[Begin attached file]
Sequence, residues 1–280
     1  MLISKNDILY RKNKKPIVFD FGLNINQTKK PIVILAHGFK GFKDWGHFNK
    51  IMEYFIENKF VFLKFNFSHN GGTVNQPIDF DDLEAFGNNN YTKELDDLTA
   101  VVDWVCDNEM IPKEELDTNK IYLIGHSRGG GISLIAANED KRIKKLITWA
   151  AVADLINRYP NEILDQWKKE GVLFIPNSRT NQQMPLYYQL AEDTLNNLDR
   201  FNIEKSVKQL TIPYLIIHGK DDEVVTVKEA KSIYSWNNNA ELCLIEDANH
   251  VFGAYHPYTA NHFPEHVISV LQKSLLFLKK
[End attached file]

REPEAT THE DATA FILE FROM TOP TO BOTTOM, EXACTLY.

Sequence, residues 1–280
     1  MLISKNDILY RKNKKPIVFD FGLNINQTKK PIVILAHGFK GFKDWGHFNK
    51  IMEYFIENKF VFLKFNFSHN GGTVNQPIDF DDLEAFGNNN YTKELDDLTA
   101  VVDWVCDNEM IPKEELDTNK IYLIGHSRGG GISLIAANED KRIKKLITWA
   151  AVADLINRYP NEILDQWKKE GVLFIPNSRT NQQMPLYYQL AEDTLNNLDR
   201  FNIEKSVKQL TIPYLIIHGK DDEVVTVKEA KSIYSWNNNA ELCLIEDANH
   251  VFGAYHPYTA NHFPEHVISV LQKSLLFLKK